Numerous studies have confirmed the effect of mindful eating to help treat eating disorders and help with weight loss. According to one randomized controlled study, 150 binge eaters were split into two groups. The first group received standard psychoeducational treatment, and the other group received mindfulness therapy. Those in the mindful eating group were better able to control their eating habits.
So mindful eating involves teaching yourself to eat in a slow, attentive manner. Here are a few tricks you can put into action at your next meal:
- Set a timer for 20 minutes and take that time to eat your meal.
- To help you slow down, try eating with your less dominant hand or use chopsticks.
- For the first five minutes, eat silently, thinking about all the effort it took to create that meal from the farmer to the grocery store to your kitchen.
- Make an effort to take small bites and chew well.
- Before you decide to grab a snack, take a deep breath, and ask yourself whether you are starving or perhaps just bored..
Keep Up with Your Workout Routine
You may enjoy time away from work, but never take time away from your exercise. According to research, women who worked out in the morning had a better response to tempting food compared to those who didn’t work out. Also, starting your day with a sweat session gears you up for more activity for the rest of the day.
If you plan to spend the holidays away from home, remember to pack all your workout stuff, from shoes, to jogging pants, and all your gadgets. You are more likely to stick to your workout routine if you already have everything you need. Why not take the time to bond with distant relatives over a morning walk? With no work to think about, your body will respond more readily to exercise.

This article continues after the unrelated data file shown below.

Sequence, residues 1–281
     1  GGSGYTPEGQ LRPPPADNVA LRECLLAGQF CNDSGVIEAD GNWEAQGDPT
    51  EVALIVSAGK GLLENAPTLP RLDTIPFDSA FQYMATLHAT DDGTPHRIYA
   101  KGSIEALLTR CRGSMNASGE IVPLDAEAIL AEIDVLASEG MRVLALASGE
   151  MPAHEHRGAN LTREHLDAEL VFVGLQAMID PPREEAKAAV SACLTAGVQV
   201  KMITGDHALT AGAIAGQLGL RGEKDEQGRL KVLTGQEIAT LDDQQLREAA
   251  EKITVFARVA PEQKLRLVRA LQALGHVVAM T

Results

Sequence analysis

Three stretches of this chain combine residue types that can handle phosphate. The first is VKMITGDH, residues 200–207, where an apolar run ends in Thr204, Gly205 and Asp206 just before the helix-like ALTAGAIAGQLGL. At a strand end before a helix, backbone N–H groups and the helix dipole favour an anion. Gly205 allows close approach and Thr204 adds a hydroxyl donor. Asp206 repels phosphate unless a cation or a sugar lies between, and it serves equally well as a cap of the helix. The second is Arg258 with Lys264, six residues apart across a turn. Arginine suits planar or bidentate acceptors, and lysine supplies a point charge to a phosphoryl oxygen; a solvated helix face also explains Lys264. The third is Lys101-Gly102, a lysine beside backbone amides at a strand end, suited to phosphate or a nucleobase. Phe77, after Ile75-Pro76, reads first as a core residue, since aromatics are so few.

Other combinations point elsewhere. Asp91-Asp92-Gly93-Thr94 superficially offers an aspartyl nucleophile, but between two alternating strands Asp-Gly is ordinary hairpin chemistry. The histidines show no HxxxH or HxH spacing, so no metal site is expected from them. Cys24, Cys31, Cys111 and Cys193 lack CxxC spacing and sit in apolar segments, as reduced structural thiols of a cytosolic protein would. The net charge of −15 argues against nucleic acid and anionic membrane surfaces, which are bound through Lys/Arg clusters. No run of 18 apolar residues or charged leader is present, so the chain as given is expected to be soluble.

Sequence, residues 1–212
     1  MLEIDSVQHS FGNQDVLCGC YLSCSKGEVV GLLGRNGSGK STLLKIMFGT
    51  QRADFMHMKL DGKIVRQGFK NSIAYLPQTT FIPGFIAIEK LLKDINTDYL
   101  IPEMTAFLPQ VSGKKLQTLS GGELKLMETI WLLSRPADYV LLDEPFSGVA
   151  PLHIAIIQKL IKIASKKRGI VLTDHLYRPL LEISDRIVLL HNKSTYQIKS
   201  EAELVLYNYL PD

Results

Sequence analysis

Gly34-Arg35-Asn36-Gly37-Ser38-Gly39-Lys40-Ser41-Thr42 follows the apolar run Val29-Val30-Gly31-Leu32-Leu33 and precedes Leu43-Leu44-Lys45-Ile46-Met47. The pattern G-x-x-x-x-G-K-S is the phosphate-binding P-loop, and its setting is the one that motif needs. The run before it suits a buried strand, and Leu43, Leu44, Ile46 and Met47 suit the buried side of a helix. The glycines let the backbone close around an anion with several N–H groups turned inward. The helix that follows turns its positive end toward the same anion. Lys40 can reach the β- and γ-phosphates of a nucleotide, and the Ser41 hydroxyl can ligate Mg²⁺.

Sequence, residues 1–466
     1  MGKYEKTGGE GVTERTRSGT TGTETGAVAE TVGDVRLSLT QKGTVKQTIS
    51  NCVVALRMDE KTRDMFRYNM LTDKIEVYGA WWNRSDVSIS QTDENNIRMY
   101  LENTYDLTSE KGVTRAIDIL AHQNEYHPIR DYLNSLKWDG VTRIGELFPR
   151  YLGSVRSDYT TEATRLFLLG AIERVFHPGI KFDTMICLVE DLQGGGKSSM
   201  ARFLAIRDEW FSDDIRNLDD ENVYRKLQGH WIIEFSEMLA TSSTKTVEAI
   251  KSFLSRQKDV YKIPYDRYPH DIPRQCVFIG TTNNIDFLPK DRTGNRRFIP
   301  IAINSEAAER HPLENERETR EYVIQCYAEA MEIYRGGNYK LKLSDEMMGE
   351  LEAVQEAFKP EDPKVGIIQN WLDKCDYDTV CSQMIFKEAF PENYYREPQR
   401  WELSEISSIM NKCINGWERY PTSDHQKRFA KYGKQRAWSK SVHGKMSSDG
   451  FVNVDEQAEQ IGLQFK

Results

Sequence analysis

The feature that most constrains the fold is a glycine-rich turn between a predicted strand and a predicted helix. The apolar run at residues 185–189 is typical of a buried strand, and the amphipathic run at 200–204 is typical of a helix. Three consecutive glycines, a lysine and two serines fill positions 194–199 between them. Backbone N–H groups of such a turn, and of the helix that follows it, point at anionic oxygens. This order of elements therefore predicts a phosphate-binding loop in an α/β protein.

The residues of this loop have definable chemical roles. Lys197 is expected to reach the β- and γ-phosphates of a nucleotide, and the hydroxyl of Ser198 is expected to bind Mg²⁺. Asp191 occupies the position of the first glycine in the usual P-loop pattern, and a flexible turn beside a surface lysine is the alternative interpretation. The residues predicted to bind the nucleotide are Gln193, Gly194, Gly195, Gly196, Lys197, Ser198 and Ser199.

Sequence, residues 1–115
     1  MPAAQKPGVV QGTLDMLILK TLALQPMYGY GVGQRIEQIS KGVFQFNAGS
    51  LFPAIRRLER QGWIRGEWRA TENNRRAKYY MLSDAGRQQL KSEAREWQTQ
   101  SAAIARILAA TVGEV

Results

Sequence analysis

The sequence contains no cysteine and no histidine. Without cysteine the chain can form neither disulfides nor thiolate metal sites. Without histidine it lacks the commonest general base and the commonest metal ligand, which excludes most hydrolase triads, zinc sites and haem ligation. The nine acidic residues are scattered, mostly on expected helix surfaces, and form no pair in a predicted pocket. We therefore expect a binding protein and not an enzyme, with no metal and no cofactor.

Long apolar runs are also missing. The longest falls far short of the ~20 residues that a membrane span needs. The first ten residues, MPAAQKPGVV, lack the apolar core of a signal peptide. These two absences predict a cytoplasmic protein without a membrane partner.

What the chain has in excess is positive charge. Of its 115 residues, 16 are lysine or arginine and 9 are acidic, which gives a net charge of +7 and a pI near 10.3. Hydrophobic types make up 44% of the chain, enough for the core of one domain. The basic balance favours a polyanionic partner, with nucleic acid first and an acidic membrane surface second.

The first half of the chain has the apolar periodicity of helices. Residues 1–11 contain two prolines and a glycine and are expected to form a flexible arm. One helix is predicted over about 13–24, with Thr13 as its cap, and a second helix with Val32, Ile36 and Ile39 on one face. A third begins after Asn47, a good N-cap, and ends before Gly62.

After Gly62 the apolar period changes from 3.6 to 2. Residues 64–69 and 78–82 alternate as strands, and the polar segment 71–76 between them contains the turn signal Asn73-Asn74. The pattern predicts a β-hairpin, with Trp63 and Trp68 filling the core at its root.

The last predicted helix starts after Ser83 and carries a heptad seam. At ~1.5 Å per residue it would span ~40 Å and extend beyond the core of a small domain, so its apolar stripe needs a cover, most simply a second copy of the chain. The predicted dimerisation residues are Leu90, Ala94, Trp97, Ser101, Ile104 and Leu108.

If taking a walk or jogging is not an option because of the weather, find another fun way to burn calories. Put your favorite dance music on and get everyone up on their feet. Dancing is a great way to burn calories without looking like you are trying too hard.
Keep Temptations Out Of Sight
The idea “out of sight, out of mind” is backed up by research. One four week study involved the chocolate consumption of 40 secretaries. They placed chocolates on the desk or two meters away from the office. The bowls were also either transparent or opaque. The results showed that the proximity and visibility of the chocolate bowl directly influenced consumption.
The lesson: stay clear of the buffet table! What you can’t see won’t tempt you. Get away from the kitchen with all its tempting aromas, find a quiet spot, or play with the nephews or nieces – just keep food out of sight. This simple trick will not only help you eat less, but you will spend more time with friends and family, which is what the holidays are all about.
When you get into the habit of enjoying conversations, you will be too busy to think about that chocolate cake on the table. Diverting your attention is a simple yet effective way to avoid overindulgence throughout the holidays.
Learn The Art of Saying No
No matter how much self-control you have or how far you stay from the buffet table, there will always be that someone who grabs a plate for you and coerces you to taste their cooking. In times like this, many of us lose our willpower, afraid to disappoint. So we take the easy way out and give in to one too many treats.
Learn to say no politely. The secret is emphasizing how amazing everything tasted and how you have no room for another bite. Once you get into the habit, you will find it easy to decline tempting offers!